The prevalence of non-alcoholic fatty liver disease (NAFLD) is much higher in diabetic and obese individuals. Combined exposure of high-fat diet (HFD) and single low-dose streptozotocin (STZ) was used to induce type II diabetes-associated NAFLD, as it better replicates the human pathology of fatty liver. Glibenclamide (GLB) is a potent NLRP3 inflammasome inhibitor and possesses anti-inflammatory and anti-oxidant properties. So it was pertinent to investigate its hepatoprotective potential against NAFLD in rat. HFD was provided to rat for 17 consecutive weeks and glibenclamide (GLB; 0.5 and 2.5 mg/kg/day, orally) was administered for the last 12 consecutive weeks. Establishment of NAFLD was clearly indicated by significant increase in liver weight, glucose, triglyceride, cholesterol, % glycosylated haemoglobin and insulin levels, and GLB intervention reduced the same. GLB restored HFD-induced significant increase in ROS, MDA and decrease in GSH. Histopathological studies revealed the macro- and micro-vascular steatosis and mild degree of inflammation in HFD-fed rat compared with control, and GLB intervention reduced the same. HFD exposure significantly increased the DNA damage and apoptosis compared with control, and GLB intervention reduced the same. Immunohistochemical and immunoblotting findings showed that GLB improved the hepatic expressions of inflammatory markers (NLRP3, ASC, caspase-1, IL-1β, NF-κB), anti-oxidant markers (SOD, catalase) and insulin signalling markers (p-AKT, p-GSK-3β, p-IRS). Hepatoprotective effects of GLB was mediated by decreasing the levels of glucose, triglycerides, cholesterol, DNA damage, apoptosis and inflammatory markers, and by improving the anti-oxidant status and insulin signalling pathway in HFD fed rat.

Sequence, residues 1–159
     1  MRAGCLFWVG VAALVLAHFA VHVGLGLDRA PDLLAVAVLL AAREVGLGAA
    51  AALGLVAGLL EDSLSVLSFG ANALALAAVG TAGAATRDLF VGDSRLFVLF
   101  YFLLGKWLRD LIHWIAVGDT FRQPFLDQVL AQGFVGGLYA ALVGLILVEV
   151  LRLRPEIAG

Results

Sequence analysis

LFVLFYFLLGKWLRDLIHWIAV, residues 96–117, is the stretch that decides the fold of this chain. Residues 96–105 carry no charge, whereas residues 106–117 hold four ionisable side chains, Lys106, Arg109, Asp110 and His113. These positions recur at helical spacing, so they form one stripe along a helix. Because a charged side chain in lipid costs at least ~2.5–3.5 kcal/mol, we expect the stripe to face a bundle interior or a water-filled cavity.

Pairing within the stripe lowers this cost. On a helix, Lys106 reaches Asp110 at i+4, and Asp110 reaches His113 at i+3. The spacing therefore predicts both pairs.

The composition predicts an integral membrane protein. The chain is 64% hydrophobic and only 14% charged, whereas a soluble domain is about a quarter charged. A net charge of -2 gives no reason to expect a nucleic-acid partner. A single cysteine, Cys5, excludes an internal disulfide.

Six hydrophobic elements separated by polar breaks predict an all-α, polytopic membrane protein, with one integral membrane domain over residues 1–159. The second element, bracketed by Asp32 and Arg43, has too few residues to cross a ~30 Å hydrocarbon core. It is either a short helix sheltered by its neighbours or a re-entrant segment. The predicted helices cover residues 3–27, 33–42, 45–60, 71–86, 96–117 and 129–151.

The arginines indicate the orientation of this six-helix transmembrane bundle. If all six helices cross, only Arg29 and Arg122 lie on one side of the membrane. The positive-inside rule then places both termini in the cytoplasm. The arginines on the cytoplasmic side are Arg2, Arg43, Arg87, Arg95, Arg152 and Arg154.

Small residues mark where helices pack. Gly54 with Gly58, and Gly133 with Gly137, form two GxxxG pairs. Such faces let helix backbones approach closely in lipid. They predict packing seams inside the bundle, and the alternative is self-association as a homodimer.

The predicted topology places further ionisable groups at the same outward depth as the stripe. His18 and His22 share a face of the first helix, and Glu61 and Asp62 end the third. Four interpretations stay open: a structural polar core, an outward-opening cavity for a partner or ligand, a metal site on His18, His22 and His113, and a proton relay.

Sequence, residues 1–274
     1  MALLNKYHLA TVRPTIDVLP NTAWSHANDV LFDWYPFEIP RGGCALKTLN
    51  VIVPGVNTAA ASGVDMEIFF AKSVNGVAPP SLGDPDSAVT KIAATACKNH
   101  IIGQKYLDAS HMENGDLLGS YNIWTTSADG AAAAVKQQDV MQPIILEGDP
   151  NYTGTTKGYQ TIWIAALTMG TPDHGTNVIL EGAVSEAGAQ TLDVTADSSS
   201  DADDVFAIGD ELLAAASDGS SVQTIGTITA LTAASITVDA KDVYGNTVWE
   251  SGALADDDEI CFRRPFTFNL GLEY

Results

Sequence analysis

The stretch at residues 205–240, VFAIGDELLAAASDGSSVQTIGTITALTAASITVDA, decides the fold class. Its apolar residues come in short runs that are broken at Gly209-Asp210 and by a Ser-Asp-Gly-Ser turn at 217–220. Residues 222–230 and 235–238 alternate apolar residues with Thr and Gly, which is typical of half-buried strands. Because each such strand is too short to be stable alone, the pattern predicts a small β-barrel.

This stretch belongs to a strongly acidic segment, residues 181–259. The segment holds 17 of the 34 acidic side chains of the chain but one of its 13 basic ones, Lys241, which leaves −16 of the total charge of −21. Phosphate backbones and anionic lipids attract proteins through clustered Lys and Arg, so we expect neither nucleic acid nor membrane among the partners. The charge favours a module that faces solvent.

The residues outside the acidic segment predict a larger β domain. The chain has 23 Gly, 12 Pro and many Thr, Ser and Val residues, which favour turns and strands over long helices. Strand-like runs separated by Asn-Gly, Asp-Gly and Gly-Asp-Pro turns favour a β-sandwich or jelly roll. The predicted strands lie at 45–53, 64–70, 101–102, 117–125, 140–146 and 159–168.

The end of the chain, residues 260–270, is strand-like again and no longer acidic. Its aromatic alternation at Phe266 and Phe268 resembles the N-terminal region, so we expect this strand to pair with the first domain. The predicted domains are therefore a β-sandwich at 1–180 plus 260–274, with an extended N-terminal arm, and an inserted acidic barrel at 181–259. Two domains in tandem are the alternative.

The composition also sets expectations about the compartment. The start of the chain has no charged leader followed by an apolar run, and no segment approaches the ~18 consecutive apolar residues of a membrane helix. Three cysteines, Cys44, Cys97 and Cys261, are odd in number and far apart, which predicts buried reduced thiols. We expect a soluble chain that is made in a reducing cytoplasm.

Keywords: Diabetes; Glibenclamide; High-fat diet; NLRP3, NF-κB; Non-alcoholic fatty liver disease.